If you already have a happenin' blog or website, this may be a great option for leveraging some of that traffic in a way that lets you make some money. There are a number of leading bloggers who have done this with great success. You keep almost all of the profits and the costs are minimal; it's just a matter of setting up your website and signing up for an e-junkie account.
Create and Sell A Digital Edition via Online Retailers
This is another pretty cheap option that authors have available to them today. I'd say it's the option most of my clients ultimately choose. Most of them still market their books via their website, but they then link to the Amazon.com or B&N links so that readers can purchase through those sites. While this means giving up some percentage of the profits, it can greatly help with visibility — especially if you can get your book listed on one of Amazon's coveted lists (David Gaughran had an excellent post on how to do this recently; check it out by clicking here).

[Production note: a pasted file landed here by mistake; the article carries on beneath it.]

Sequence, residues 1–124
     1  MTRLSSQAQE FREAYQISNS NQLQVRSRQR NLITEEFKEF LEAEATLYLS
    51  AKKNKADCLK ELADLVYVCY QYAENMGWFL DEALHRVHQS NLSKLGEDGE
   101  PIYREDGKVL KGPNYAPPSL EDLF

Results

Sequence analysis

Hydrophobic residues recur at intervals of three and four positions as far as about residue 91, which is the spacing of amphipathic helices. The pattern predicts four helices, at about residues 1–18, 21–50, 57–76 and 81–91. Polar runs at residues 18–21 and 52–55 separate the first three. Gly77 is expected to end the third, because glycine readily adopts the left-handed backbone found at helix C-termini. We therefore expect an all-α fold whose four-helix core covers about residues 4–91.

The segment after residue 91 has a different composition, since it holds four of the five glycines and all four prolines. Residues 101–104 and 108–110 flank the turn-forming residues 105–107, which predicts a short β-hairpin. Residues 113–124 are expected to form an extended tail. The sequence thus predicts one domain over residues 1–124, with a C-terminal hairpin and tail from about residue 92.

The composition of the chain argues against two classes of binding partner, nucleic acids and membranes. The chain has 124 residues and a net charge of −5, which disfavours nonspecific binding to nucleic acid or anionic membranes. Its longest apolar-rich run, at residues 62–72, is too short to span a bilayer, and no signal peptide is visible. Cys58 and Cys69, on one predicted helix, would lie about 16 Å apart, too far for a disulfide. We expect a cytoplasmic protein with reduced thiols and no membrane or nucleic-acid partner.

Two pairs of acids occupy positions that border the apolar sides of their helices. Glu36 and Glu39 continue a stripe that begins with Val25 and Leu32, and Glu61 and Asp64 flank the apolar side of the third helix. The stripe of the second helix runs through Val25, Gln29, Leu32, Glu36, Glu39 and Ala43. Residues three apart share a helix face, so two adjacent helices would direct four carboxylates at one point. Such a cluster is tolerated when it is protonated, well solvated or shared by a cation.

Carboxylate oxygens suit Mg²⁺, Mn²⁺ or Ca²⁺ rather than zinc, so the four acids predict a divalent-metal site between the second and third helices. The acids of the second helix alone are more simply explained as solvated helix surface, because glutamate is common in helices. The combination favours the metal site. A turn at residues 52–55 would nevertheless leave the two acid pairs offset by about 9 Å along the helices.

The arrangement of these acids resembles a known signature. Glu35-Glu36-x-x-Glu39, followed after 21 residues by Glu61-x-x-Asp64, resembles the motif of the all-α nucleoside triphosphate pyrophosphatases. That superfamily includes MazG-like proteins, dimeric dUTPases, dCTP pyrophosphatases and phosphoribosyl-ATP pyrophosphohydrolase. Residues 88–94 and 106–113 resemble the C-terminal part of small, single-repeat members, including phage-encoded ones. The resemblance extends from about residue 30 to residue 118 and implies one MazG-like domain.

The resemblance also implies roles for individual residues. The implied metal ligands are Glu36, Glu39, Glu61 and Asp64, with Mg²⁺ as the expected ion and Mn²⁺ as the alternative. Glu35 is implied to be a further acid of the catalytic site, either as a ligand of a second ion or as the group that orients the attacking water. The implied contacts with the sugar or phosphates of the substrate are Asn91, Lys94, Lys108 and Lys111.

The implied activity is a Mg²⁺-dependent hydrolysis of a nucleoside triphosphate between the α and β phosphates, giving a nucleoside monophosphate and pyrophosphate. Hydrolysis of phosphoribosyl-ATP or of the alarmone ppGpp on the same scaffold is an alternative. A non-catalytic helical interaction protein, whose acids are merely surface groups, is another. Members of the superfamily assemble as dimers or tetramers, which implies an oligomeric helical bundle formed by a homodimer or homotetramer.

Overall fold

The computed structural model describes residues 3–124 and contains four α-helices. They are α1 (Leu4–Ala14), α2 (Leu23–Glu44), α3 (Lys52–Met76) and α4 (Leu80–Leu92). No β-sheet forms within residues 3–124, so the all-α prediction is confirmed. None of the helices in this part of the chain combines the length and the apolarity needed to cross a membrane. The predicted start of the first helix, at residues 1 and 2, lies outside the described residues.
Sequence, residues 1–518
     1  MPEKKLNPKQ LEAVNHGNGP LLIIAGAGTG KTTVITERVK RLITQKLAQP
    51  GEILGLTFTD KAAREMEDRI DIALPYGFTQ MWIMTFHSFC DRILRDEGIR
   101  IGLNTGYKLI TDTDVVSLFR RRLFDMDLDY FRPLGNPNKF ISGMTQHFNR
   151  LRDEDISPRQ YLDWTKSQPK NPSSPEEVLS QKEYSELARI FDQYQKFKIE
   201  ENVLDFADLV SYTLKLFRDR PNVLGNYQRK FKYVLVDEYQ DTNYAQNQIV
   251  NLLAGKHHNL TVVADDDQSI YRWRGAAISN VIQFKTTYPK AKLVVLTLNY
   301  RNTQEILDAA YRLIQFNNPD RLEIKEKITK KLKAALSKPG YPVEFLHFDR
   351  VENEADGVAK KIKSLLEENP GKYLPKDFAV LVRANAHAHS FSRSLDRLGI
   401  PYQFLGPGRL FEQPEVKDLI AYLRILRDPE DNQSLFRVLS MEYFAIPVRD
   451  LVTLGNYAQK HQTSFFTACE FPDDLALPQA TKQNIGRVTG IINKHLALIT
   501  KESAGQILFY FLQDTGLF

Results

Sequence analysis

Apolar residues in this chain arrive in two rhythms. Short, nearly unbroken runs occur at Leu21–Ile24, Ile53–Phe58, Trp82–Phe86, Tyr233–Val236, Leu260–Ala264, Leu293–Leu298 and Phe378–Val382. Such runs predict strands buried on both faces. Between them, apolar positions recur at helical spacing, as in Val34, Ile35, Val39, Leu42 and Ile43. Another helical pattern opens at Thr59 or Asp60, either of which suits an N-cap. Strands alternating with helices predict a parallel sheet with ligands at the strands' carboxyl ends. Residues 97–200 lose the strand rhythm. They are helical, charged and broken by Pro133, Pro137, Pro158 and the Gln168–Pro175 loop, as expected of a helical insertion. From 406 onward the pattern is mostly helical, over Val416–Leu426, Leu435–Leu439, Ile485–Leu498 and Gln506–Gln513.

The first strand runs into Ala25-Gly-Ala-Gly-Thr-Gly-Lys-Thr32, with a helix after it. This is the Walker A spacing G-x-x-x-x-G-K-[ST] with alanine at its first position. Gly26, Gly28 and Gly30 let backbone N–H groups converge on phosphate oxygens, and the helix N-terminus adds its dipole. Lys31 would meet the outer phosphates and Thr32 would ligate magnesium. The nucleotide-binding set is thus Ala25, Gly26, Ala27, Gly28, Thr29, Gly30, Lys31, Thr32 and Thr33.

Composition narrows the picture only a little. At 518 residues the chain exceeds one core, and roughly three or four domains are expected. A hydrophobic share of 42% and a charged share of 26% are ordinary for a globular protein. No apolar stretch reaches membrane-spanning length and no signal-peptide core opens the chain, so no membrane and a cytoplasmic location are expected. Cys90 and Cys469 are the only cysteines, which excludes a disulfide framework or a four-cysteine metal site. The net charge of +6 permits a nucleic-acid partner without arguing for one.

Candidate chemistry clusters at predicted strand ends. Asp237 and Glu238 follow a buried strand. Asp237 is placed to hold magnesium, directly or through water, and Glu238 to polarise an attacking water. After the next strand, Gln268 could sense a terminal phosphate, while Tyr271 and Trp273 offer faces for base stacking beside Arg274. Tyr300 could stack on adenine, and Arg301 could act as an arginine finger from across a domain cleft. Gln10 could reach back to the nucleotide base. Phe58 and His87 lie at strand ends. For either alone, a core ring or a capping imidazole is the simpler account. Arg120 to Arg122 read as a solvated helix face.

Of course you still have to do a ton of marketing and hard work to gain your audience and help your book be found among the tons of other books on Amazon; but at least your not competing with every website on the internet, as you would be if trying to ONLY sell the book via your own site. It also lets you tap into those buying books for their e-readers, by formating your book in the proper file types. Read any terms carefully however — that way you know what other opportunities you may be passing up.
Alright, now I turn it over to you — Which options have you used? Which ones are you considering? Share it in the comments!
My name is Melissa Breau & I’m a Raleigh-based tea-drinker and dog aficionado. If you’re local, let me know—I’d love to grab a drink.
By day, I’m a keyboard junkie, and (shameless plug) craft killer marketing content for small business owners far and wide.
By night (and sometimes on the weekend) I help out at several nonprofits, teach my dog new tricks, and try to spend as much time outside in the sunshine as I can.
Before joining the world of marketing I spent several years at various publishing companies in NYC, including both magazine publishers and book publishers. I also earned my Masters in Publishing from Pace University.